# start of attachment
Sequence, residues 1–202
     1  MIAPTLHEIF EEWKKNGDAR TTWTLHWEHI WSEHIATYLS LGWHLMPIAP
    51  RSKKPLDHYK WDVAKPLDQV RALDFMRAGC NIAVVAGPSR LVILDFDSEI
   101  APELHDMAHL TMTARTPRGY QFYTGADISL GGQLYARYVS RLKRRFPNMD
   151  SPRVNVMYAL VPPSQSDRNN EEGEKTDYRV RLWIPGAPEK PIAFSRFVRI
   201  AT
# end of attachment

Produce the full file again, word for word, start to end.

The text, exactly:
Sequence, residues 1–202
     1  MIAPTLHEIF EEWKKNGDAR TTWTLHWEHI WSEHIATYLS LGWHLMPIAP
    51  RSKKPLDHYK WDVAKPLDQV RALDFMRAGC NIAVVAGPSR LVILDFDSEI
   101  APELHDMAHL TMTARTPRGY QFYTGADISL GGQLYARYVS RLKRRFPNMD
   151  SPRVNVMYAL VPPSQSDRNN EEGEKTDYRV RLWIPGAPEK PIAFSRFVRI
   201  AT